According to experts, moving is a fantastic time for a fresh start – regarding personal space – as you have the opportunity to start in a new space without extra baggage. By modifying the amount of stuff that you keep in your space – and how it’s organized – you can vastly expand your space. Take initial steps by establishing limits in terms of how you’re going to use the space – only pack what can fit in it. Beyond this thinking, you can absolutely improve your home’s space by utilizing the following decluttering tips.

Tip One – Get an Early Start

Figure out the amount of space you’ll have in advance – before you pack. If you start the packing process already knowing exactly the amount of stuff that fits, you’ll see that your stuff can be organized into two clean sections – whatever fits, and whatever you need to get rid of.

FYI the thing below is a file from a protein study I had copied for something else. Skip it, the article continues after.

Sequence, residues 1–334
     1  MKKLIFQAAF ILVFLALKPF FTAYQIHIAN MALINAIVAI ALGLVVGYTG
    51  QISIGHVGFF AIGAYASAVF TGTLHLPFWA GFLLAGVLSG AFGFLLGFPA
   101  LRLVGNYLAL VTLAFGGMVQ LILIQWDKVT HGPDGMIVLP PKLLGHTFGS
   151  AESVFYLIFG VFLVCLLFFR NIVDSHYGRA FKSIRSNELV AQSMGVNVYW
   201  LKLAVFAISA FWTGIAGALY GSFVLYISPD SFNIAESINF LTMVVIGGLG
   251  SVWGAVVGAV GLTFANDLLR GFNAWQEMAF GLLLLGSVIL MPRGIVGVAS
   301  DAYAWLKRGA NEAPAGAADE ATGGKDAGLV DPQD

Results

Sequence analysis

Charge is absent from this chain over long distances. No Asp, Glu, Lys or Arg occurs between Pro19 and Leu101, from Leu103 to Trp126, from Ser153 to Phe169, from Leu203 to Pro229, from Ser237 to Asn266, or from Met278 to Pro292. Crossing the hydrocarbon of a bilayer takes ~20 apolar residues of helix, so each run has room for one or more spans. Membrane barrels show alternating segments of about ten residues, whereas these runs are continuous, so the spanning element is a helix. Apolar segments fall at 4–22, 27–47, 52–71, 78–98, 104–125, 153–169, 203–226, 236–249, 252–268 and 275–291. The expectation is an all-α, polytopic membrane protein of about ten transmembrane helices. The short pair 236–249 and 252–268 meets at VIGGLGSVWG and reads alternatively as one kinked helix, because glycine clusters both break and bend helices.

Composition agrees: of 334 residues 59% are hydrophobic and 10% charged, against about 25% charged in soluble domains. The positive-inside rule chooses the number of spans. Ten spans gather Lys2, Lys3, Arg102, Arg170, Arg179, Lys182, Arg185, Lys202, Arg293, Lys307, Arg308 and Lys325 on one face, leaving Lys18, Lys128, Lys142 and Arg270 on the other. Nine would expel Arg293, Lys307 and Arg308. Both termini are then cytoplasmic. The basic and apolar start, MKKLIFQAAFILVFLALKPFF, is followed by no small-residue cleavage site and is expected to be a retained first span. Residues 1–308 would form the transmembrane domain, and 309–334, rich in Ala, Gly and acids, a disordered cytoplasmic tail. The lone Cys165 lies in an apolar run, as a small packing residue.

Tip Two – Take Measurement

Bookshelves and storage spaces so you know the exact amount of volume it can fit. This is never an arbitrary limit – rather it’s an objective limit set by whatever space you’re moving into. By taking measurements of the footage of the space as well as the furniture that you want to bring, and detailing it on graph paper, you can have a fantastic visual scale that can help you plan out what you want to bring.

 

Tip Three- Number Everything

Number the rooms that you’re moving into. Label boxes according to the number of the room that you want it’s contents delivered to – and tape up the room number by the doors of the corresponding rooms. This way, if you’re using movers, they’ll know exactly where to move the stuff. If you’ve already packed for the space you’re moving into you can unpack as you go, saving a great deal of time.

 

Tip Four – Mindful Packing